Two Long Island members of Congress on opposite sides of the political aisle are asking Secretary of State Mike Pompeo to press Egyptian President Abdel Fattah el-Sisi to release a Bethpage man who has been on a hunger strike since he was sentenced to 15 years in an Egyptian prison.
Reps. Peter King (R-Seaford) and Tom Suozzi (D-Glen Cove) sent a letter to Pompeo Tuesday urging him to use his visit to Cairo Thursday to help gain the release of Moustafa Kassem, 53, an auto shop owner who was sentenced for allegedly supporting a government that was overthrown in 2013. Relatives of Kassem, who has U.S. and Egyptian citizenship, said he was wrongfully swept up during a wide-reaching military crackdown on dissenters in Egypt.
“Mr. Kassem has been on a hunger strike since his sentencing in September,” read the letter from King and Suozzi, who both represent portions of Bethpage. “We ask that you raise Mr. Kassem’s case with Egyptian authorities on your upcoming visit to the region and advocate for his release.”
No one from the State Department could be reached Tuesday.
The letter, sent by King's office, buoyed the hopes of Kassem's relatives, who have been hoping the United States government would get more involved in a matter that concerns one of the country’s close international partners. The letter comes about a year after Vice President Mike Pence raised the issue during a visit to Cairo, King said.
President Donald Trump's administration authorized the release of some $1.2 billion in military aid to Egypt a day before Kassem and many others were sentenced in a trial that prosecuted over 700 defendants, some of whom received death sentences.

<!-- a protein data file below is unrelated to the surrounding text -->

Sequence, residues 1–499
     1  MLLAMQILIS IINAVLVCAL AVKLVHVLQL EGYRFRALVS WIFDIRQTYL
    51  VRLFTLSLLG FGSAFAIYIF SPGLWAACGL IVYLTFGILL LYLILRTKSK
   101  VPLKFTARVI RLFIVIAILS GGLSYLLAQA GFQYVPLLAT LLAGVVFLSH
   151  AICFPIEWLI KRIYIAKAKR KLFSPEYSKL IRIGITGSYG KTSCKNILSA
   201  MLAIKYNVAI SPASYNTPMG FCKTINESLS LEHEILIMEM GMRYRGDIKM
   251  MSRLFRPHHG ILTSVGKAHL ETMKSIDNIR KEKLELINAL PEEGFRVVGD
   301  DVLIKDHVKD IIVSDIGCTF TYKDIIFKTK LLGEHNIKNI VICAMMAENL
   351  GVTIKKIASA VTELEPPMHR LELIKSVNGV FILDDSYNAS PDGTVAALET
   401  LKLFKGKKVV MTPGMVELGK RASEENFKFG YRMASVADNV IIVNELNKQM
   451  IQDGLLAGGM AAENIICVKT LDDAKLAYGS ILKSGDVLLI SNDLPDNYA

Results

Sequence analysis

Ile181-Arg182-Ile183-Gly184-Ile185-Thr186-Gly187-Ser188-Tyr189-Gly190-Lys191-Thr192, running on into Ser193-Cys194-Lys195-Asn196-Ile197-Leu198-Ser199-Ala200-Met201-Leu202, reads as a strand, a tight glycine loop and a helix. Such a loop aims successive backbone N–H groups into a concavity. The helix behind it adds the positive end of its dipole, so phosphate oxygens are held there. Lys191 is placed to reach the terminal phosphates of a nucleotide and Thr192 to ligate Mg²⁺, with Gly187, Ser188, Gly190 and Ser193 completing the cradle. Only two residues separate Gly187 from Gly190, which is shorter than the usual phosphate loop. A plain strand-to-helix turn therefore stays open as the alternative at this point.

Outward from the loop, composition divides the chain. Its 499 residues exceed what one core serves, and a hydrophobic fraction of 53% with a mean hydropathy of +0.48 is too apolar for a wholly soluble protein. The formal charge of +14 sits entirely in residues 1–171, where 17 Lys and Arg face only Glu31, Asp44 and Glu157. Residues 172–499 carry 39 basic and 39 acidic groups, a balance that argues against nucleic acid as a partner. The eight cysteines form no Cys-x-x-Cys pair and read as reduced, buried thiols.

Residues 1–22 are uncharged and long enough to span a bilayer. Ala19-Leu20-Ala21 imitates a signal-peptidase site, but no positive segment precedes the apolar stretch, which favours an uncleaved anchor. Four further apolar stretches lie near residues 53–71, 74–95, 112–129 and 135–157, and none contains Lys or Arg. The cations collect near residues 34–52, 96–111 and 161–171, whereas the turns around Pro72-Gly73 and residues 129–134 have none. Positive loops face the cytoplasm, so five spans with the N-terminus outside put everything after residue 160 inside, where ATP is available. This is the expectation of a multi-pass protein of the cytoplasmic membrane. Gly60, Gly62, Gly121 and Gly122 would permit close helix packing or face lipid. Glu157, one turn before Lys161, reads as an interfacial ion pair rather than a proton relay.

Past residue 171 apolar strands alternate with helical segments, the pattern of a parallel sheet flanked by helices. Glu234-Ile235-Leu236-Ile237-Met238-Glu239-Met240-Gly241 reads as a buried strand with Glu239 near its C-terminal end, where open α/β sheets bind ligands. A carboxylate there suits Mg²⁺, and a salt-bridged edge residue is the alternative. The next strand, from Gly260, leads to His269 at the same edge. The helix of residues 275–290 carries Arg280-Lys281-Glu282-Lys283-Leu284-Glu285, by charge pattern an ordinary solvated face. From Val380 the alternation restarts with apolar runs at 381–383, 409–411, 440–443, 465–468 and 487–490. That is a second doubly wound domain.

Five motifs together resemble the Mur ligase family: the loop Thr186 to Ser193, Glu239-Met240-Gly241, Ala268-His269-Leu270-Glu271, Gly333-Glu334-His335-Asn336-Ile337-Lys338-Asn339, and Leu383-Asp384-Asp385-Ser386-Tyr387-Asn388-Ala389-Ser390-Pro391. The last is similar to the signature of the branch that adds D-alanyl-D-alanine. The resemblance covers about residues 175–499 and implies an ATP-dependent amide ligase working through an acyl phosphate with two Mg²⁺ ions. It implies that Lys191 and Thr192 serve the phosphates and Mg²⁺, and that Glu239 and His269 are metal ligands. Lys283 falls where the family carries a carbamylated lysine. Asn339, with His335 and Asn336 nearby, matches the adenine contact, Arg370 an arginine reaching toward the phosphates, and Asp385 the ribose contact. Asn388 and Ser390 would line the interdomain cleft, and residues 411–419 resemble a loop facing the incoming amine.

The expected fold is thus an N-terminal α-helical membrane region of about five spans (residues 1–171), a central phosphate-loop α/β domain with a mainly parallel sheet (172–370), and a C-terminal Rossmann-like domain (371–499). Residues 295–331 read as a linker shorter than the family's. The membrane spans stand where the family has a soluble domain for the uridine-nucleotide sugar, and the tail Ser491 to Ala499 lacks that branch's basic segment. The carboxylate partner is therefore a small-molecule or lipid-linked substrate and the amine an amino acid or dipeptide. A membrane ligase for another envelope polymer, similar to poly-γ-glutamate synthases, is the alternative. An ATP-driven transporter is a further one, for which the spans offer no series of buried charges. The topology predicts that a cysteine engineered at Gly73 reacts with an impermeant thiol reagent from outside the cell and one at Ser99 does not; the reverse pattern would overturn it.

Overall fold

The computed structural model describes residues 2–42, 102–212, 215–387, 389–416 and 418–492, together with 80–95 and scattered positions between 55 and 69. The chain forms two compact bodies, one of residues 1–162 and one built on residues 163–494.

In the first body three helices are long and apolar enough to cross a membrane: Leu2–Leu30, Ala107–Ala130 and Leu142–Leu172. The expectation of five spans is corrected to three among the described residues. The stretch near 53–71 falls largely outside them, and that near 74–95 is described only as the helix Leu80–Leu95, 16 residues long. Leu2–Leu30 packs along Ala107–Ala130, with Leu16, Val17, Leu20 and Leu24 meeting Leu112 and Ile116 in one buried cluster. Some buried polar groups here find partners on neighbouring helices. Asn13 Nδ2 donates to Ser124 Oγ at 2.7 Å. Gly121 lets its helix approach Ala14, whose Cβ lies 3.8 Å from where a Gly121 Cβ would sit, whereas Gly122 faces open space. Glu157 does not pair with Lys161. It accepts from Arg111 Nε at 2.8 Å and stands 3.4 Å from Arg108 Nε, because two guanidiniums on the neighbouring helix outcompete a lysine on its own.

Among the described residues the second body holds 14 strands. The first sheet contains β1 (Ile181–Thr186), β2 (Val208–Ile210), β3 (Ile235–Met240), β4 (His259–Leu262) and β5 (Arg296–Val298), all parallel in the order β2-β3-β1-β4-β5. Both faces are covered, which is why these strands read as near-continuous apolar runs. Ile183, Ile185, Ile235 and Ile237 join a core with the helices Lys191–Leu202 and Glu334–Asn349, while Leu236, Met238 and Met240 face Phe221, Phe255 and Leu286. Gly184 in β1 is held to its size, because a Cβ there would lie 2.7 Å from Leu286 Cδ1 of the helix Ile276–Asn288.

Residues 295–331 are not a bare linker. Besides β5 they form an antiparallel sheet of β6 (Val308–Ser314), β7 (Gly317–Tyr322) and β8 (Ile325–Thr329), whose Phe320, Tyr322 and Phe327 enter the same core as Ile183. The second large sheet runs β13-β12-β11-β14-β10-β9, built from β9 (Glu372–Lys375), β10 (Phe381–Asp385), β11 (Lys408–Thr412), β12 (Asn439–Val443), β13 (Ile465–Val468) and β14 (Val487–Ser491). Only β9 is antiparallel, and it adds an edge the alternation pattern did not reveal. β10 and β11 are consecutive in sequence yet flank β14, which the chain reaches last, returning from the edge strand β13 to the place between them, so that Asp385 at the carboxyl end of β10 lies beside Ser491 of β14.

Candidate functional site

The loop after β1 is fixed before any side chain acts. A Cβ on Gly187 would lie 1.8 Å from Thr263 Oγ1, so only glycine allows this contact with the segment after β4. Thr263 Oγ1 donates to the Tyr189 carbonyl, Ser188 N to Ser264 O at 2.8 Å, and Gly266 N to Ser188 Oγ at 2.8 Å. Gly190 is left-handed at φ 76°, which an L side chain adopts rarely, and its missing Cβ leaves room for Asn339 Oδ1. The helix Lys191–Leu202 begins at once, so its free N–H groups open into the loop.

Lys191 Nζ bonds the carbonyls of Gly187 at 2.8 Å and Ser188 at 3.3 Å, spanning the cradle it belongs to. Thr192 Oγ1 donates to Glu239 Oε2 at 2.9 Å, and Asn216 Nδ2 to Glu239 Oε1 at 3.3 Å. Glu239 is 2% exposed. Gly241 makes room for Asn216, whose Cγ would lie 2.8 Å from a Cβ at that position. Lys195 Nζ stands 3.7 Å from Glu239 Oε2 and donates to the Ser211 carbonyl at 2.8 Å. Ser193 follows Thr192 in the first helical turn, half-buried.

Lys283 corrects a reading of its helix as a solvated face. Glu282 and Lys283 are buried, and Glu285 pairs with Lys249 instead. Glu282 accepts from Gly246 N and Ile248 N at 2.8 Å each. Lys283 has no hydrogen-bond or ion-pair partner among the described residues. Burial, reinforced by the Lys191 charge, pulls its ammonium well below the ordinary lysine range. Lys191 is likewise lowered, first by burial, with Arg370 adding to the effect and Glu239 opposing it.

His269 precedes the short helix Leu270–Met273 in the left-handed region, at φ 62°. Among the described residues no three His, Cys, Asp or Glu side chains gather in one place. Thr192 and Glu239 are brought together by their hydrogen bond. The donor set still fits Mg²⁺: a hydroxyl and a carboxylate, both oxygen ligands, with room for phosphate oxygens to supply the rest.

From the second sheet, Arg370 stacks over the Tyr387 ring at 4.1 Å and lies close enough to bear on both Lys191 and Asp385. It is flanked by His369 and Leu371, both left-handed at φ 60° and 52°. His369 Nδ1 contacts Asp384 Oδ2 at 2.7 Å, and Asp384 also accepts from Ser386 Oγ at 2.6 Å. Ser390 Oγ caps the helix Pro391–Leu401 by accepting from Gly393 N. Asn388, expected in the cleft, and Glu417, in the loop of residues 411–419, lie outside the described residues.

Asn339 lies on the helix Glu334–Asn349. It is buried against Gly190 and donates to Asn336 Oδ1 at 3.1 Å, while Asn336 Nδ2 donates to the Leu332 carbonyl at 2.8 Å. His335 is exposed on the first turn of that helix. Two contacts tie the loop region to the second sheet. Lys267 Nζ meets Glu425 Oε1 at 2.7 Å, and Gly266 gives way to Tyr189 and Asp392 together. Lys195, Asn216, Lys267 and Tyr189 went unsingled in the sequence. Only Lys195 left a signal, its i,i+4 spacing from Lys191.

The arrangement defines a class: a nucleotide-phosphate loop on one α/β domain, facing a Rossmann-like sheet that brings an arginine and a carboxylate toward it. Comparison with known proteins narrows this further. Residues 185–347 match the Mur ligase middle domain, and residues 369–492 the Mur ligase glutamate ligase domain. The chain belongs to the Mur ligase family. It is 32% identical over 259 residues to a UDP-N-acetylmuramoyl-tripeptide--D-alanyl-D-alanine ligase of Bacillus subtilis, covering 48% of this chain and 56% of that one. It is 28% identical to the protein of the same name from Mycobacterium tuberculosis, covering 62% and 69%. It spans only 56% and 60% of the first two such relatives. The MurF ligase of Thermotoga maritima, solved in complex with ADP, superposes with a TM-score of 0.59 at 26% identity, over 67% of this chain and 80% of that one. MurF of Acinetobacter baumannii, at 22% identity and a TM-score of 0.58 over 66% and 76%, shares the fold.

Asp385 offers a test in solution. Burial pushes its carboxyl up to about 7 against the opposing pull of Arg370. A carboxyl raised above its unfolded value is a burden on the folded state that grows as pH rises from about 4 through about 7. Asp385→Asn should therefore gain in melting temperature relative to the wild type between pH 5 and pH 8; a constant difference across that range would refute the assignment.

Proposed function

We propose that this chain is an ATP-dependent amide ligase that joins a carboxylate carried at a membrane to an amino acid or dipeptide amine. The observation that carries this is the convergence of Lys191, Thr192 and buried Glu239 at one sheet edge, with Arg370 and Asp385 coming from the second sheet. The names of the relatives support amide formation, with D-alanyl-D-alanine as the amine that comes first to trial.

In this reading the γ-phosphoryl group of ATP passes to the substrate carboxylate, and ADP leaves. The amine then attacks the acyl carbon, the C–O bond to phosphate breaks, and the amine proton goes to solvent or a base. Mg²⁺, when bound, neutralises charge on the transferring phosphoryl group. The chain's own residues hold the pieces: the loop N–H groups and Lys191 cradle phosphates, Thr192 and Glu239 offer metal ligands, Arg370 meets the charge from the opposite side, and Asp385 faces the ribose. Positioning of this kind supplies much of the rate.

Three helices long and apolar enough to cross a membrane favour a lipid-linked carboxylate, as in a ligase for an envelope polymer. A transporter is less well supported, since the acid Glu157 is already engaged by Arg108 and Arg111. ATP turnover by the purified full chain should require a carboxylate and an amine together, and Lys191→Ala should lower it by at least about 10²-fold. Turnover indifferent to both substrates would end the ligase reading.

“I think it’s very good news and a very good step, and hopefully it helps to get him released,” said Mostafa Ahmed, Kassem’s brother-in-law, who was with Kassem when he was arrested in August 2013. “We will pray until this happens.”
Ahmed said Kassem’s health has deteriorated rapidly as he has been on a solely liquid diet for four months. He also has diabetes and other ailments that require medical attention.
“We’ve been on this case probably for the past five years,” King said in a telephone interview. “It’s really a tragic case. . . Any American being held in a foreign country is tragic to me, but the fact is that this is someone from Long Island and he’s in a foreign jail. You can only wonder what kind of treatment he’s getting.”
Said Suozzi: “I’m always going to do whatever I can to support my constituents, especially if they are in harm’s way. I can’t imagine how much this family is suffering, especially Mr. Kassem himself.”
Egyptian officials at the embassy in Washington could not be reached for comment.
Kassem’s family said he is an innocent victim who was caught up in a massive crackdown on dissent in the wake of a coup that overthrew Mohamed Morsi, who was elected president of Egypt after the ouster of longtime authoritarian President Hosni Mubarak.
Mubarak stepped down in February 2011 after several days of protest stemming from the Arab Spring demonstrations that toppled several longtime leaders in the Middle East.
Morsi was elected in June 2012 and served until he was ousted in July 2013 by military commanders — including then-General Sisi — and jailed.
Military forces cracked down on thousands of people assembled at Cairo's Rabaa al-Adawiya Square on Aug. 14, 2013, and broke up a protest camp in support of Morsi and his party, the Muslim Brotherhood, according to media and independent expert reports.
The Muslim Brotherhood is now outlawed.
Human Rights Watch issued a report one year later that said the “indiscriminate and deliberate use of lethal force resulted in one of the world’s largest killings of demonstrators in a single day in recent history,” adding that between 817 and 1,000 people were killed.
Kassem’s family said he was in Egypt at the time of his arrest to visit his wife and children and played no role in the protests. They said Kassem, who was due to fly back to the United States 12 days later, had gone to a shopping mall to change currency but was captured when the crackdown spread far beyond the square.
Ahmed said Kassem showed his U.S. passport to the authorities and they proceeded to beat him before detaining him.